Isn’t this what we want?  Stop me if I’m wrong.

Poem like a car accident.

Poem written on a sheet over a body by the car accident.


Then we’d notice the lines, the way the words hang over the face,

and sit on the nose, and rest in the eye sockets.

(See it quickly, the policeman is waving us away.)


Stop me.  Go ahead and stop me if I’m wrong.

Isn’t this what we want?

Poem like tripping to your knees on a brick walk,

knowing in an instant you will hurt for a week,

knowing in an instant you will think for a week.


Stop me anytime.  Why listen to words at all?

Music is enough to pull the heart into the open air.


But, my God, the human voice, everyone’s unmapped treasure,

a piece of metal drawn in a long fine wire and each of us

are seen fit to be the forgers of the signature coil of human resonance!


We design our walls and our echoes.

We command and we retreat.

We give the infant place and habitation.

We bid the aged gentle sleep.


Stop me anytime.  Stop me anytime.

Just say the word.


Jay Johnson as The Poet John Kicker

Performance poet, stand-up comic,

DVD and documentary available



for the quiet ones who cannot speak

the weary ones who cannot sleep

the angry ones who cannot rage

the melancholy ones who cannot weep


for the chained ones who need wings

for the ones who swing

from their own rope

for the ones who slip the wafer of fear

under their tongues

for all living things that ache and bleed

and eat of bitter herbs


let their wounds be healed

let their soul mates seek them

across mountain and sea

let their sorrows be soothed

by the soft glove of loving

and let every man find his god

or his god find him


Gloria g. Murray

First place winner of PPA’s second contest,

many awards won, many publishing credits,

three chapbooks published



He has climbed to his feet, startled from the narrow bench

where he sat all morning, watching.  He shades the sun

from his eyes with hands cupped around his mouth,

my father calls my name and gestures that I should come.


Beyond his shuddering and over the black rocks I scurry,

making my way back to him.  Above the horizon

the sun pours crimson; my hair and face are on fire,

a child’s tee shirt covers my newly formed breasts.


Morning has given way to his cry and I leave behind tidal

pools filled with blameless creatures I have baptized,

giving them names, smoothing their perfect bodies

with my fingers, watching sadly as they escape from

the imperfect prison of my cupped hands.


Men have begun to walk slowly down the hill towards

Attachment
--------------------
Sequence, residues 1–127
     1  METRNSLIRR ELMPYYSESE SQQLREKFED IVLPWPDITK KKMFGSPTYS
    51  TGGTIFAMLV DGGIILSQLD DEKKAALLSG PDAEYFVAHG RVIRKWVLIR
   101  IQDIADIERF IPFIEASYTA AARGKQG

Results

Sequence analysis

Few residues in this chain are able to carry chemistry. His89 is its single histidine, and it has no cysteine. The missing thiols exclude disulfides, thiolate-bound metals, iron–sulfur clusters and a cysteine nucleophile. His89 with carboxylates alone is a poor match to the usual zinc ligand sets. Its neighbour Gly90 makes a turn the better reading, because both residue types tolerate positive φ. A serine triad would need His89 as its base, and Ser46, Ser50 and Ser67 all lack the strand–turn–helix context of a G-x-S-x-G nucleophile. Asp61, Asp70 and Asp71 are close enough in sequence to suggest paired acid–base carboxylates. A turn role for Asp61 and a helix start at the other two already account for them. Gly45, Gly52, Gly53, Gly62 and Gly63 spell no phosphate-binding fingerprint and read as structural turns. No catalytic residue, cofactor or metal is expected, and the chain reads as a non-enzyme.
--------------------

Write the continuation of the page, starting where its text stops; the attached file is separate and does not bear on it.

their boats and have stopped to admire what has emerged

at the waters edge.  My father measures their closeness

to me by the lines of the falling tide but nothing

will stop its flowing.


Gladys Henderson

Poetry workshop leader, three first place prizes won,

working to establish a Poets House on Long Island

•  Annual Literary Reviews 

available at all events

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       Upon Reading The Life After

       by Mario Susko, a survivor of

       the war in Bosnia.




i read your words

and wish i could send up sweet snow

to fall on those bruised gray lines


the horror of an ancient snorting beast

loose, insane

inside the breakable green forest


human vowels cry from the closed mouth of survival

where one counts each footstep to avoid the sky

too blue to bear

love curls up and hibernates in some dark cave

lets pass the black shiny boots of war


i think they must pass still, strangely silent

in the cavern of your midnight sleep


i light a candle with this poem

a prayer for cool pure snow

to fall gently on your eyes

until you see only white


and then

emerging in small, kind degrees

a bright, blue-sky dream

to carry you through the night


Victoria Twomey

Frequent local and radio poetry feature with several publishing credits

My Father’s Hand

for my father gone blind at 91


My father reaches

across the kitchen table

his hand

like some snuffling

searching animal

perhaps a mole

or a possum.

No, more like

the fluttering

of a wounded swallow.


His hand caresses

the salt shaker

moves on to

circle plate

fumble past spoon,

fork, over napkin

to settle

on the fluted

glass of sherry.



my father smacks his lips

returns the half-full glass

to the exact same spot

struggles to quiet

those gasping

almost howling breaths

sends out his hand again.


His hand ropy and spotted

his hand newly trained

his hand shaky

his hand.


Ginger Williams

Poetry teacher, member of many poetry groups, poetry conference participant, two chapbooks published



            (For Matt Connors)


You slowly sip water

from a trembling cup

ask for pillows

for your knees,

pen and paper

for your poems.


You fade in and out

of this room,

whisper your dreams

so that I may take them

where you cannot go.


We talk of grey vistas,

barren oak and melting snow,

I yearn for Blueberry Lake

and landscapes.

You mumble Margaretville,

mention your last, missed ski trip,

. . . will go this weekend for sure.


The sky, the chimes,

the feeder at your window

will remain fill

with wind-voices,

seed and song.

And you shall ski

to where I cannot go.


Yolanda Coulaz

Poetry workshop leader, event coordinator, book published (Spirits and Oxygen)

Performance Poets Association®